But then there’s the downside and that’s “Detective Pikachu’s” convoluted finale and cliché-ridden story structure. A lot of the elements of this film were clearly simplified for the sake of the target age demographic, which is to be expected, but it’s still hard to overlook the fact that “Detective Pikachu” doesn’t exactly try very hard to chart new ground in terms of dramatic storytelling. You still have the emotional breakup moment, the mismatched partners trope and a bunch of other clichés that are sadly very obvious and easy to pick out as the story progresses all of them we’ve seen before. Even still there are some neat twists, including the truth behind why Tim can understand Pikachu and revelations about Tim’s father disappearing, that are actually very delightful additions to a predictable, if fun, narrative and add some creativity to the story. However, the real twist comes in the finale when we discover the grand overarching plan of the surprise villain. This is where the movie jumps the shark and gives us an insanely odd scheme that adds a new element to the partnership between Pokémon and humans. It didn’t ruin the film for me by any means, but it did feel a bit out of left field even for a series where the plans of the numerous evil teams have become more and more…shall I say fanatical and extreme over the years. I feel like there could have been a better way to wrap things up and maybe even a simpler version of the villain’s plan that would have sufficed. In the end though it’s best not to go into “Detective Pikachu” without a certain suspension of disbelief anyway.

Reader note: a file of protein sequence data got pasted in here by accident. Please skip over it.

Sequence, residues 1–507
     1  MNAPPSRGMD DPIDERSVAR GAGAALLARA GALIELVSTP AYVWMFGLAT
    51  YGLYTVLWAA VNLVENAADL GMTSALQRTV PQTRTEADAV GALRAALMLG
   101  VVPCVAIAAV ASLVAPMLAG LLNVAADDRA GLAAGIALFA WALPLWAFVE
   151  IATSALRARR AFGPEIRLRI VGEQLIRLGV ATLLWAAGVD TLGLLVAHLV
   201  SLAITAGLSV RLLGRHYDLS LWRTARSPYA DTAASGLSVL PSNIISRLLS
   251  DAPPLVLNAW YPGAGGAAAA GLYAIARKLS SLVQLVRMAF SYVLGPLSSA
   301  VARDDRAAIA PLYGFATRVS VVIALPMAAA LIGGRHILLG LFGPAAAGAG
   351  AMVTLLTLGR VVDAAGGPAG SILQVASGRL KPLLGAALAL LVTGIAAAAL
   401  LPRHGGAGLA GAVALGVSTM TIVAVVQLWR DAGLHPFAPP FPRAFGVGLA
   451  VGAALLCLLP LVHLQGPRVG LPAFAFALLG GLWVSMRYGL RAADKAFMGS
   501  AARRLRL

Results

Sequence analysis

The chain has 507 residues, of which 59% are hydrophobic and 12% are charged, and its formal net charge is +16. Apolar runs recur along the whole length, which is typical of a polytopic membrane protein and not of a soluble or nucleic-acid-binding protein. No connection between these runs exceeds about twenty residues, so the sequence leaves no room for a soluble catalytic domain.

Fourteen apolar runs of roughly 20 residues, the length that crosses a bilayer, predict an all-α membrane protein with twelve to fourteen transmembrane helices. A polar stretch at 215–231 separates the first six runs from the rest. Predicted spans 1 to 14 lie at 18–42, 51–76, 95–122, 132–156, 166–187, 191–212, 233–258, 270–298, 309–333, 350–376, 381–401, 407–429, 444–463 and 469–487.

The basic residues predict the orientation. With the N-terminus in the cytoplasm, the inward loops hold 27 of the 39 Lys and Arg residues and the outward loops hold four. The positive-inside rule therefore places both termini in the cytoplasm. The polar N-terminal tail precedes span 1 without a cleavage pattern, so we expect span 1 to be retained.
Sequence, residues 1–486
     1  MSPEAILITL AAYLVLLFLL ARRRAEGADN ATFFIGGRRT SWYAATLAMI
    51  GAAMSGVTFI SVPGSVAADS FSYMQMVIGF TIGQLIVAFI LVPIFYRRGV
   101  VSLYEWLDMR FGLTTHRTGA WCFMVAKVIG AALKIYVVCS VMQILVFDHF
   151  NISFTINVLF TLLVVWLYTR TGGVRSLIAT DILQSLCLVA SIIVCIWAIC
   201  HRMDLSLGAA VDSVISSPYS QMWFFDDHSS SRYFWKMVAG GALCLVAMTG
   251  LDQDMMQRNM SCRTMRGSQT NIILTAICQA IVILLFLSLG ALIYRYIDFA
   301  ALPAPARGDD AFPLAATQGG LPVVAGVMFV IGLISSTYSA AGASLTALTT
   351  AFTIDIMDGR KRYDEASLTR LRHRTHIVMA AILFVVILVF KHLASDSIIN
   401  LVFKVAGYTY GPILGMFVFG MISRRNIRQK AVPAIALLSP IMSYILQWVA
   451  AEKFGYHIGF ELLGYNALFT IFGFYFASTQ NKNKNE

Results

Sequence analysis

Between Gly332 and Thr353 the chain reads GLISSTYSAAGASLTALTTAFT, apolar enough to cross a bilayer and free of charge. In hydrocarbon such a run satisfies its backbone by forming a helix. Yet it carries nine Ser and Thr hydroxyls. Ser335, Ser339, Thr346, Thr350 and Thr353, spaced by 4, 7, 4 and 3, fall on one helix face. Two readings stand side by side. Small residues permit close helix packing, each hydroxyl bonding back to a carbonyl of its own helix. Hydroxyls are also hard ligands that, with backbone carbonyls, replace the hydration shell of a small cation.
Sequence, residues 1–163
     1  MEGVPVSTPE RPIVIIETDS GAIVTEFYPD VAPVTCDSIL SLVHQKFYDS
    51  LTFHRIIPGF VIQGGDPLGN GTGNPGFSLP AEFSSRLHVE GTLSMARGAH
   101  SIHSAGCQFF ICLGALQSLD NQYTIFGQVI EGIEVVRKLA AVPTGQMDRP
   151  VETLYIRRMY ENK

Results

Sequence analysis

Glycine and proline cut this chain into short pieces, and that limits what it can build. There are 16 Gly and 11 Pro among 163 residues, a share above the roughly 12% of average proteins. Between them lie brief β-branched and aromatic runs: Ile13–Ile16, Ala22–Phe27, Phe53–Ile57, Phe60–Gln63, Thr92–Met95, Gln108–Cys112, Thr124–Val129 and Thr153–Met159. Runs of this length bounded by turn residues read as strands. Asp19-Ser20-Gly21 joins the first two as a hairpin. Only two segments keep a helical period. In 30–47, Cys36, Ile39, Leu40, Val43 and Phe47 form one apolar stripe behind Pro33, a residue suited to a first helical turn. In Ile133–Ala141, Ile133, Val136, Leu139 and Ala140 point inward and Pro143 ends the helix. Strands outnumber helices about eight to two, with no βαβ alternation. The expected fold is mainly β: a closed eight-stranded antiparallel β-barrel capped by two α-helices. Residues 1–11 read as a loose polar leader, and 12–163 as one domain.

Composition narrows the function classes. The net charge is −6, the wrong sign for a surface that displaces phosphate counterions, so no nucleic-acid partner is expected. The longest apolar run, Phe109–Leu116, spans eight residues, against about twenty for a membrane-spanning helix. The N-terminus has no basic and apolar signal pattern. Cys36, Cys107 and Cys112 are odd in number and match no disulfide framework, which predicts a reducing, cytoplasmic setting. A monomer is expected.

Screen Shot Courtesy of Warner Bros.

In conclusion, “Detective Pikachu” is thankfully a very good movie. Aside from “Endgame” it’s probably the most fun I’ve had at the theater all year from an entertainment perspective. As a fan of the series I can say I was extremely impressed at how well the world of Pokemon was captured in this film. It was immersive, fun, entertaining, touching, funny, and not only respected the source material but fully embraced it in nearly every aspect of its being. It’s not without its faults though. The story is pretty predictable and the finale is quite an odd twist that takes things maybe a bit too far even by this franchise’s standards, but in the end “Detective Pikachu” is all about having fun and trying to leave a lasting impression on its mixed audience of easily entertained youngsters and long-time millennial fans. When looked at from that perspective it mostly accomplishes its purpose and then some. It also shows that video games CAN make for decent movies if the filmmakers and the performers make a conscious effort not to change everything to fit live action but to use live action as a way of building on the presentation and immersion. “Detective Pikachu” is a rare treat for today’s world as it serves as a respectable adaptation of a much-beloved franchise while taking a few risks along the way even if they don’t always work. If this is the future of Pokémon on the big screen I can’t wait to see what happens next.

GRADE:A five-star rating